In other words, at this point in time, Chinese scientists have proved to the full extent that the new coronavirus is the pathogen of this new pneumonia.
The next question is, where does this pathogen come from?
The first thing to be clear is that although the same coronavirus family, but the new coronavirus is not SARS or its variants, the genetic sequence between the two is only 80%, is quite distant relatives (compared to the human and orangutan genome similarity as high as 98%, human and human similarity is more than 99.9%).
Complete genomic sequence information for the new coronavirus (Wu F et al bioRxiv 2020) has been obtained, and many research groups have compared it to many known coronavirus sequences. Of particular note are two coronaviruses that are naturally parasitic in the body of bats: one that is present in a certain bat body in Zhoushan region with a sequence similarity of nearly 90% (Zhu N et al NEJM 2020); bioRxiv 2020).
And we already know that the natural hosts of SARS and MERS, both of the coronavirus families, are likely to be bats. Mammals such as bats have high body temperatures and special immune systems, and are natural hosts of many dangerous viruses. From this point of view, the natural host of the new coronavirus is indeed also bats.
But I still have to remind you that, as with identifying a pathogen of an infectious disease, it has always been a very difficult task to identify the natural host of pathogens in nature, requiring us to understand the full chain of viruses from natural hosts to humans. In fact, neither SARS nor MERS viruses have been fully proven.
In fact, more important than confirming a natural host is to identify the intermediate host of the new coronavirus — that is, to find its middle chain from bat to person. You know, although the new coronavirus and Yunnan chrysanthemum manta rays are highly similar to the virus, but the 4% difference actually means that the virus in bats is less likely to directly infect humans. In addition, virus samples in patients with neo-coronavirus pneumonia are highly consistent with each other’s genetic sequences, which in itself suggests that the virus should have started to erupt after evolution in some intermediate host (http://www.chinanews.com/gn/2020/01-26/9070200.shtml).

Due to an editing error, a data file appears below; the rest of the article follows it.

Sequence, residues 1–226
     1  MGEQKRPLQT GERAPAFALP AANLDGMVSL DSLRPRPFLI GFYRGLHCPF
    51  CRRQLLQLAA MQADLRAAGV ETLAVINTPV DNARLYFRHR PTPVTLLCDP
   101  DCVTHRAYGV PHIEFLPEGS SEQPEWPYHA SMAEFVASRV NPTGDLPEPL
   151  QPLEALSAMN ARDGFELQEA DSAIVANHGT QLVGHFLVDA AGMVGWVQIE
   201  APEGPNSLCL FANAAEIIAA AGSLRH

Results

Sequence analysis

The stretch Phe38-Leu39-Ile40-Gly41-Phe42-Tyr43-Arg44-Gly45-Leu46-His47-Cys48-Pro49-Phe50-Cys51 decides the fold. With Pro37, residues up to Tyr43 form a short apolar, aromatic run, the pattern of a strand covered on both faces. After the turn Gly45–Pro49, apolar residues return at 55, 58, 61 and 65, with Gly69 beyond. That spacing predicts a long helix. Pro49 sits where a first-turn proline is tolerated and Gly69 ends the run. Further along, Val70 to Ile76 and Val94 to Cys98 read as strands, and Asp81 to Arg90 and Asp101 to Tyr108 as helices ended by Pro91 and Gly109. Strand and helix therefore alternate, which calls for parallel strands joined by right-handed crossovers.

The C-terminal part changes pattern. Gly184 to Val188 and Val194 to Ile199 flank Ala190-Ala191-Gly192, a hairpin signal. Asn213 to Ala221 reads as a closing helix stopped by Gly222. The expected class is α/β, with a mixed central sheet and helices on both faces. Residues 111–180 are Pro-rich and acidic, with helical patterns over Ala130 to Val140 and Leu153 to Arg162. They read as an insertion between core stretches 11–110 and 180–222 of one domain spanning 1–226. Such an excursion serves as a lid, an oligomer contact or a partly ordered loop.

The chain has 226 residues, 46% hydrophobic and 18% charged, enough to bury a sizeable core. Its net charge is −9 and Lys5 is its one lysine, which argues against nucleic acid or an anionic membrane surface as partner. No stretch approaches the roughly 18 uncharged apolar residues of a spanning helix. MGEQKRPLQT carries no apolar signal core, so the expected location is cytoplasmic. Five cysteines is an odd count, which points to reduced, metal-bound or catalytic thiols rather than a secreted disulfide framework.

In the case of SARS and MERS, scientists identified beavers and camels as the most important intermediate hosts of the two viruses (Kan B et al J Virol 2005; Sabir JSM et al Science 2015), which spread and mutated widely within their populations and eventually became straight viruses that invade the human body and cause disease. So in the case of the new corona virus, who is the possible intermediate host? The answer to this question is crucial to us from the resurgence of the new coronavirus in the future.
Unfortunately, we don’t have a good guess at the moment. Because most of the early cases are related to the South China seafood market in Wuhan, there is a mainstream guess that perhaps some kind of wild animal being sold there is the intermediate host of the virus. Unfortunately, scientists didn’t have time to collect wildlife samples before the market was closed, so they only had time to test the market environment and did find the virus (http://www.xinhuanet.com/politics/2020-01/26/c_1125503792.htm). Here I can give a rough guess: this intermediate host should be some kind of semi-wild mammal that can be reared on a largescale scale, so as to provide time for the accumulation of mutations in the virus; In the future, regulating and cracking down on wildlife trafficking will certainly be a very important measure for infectious disease control.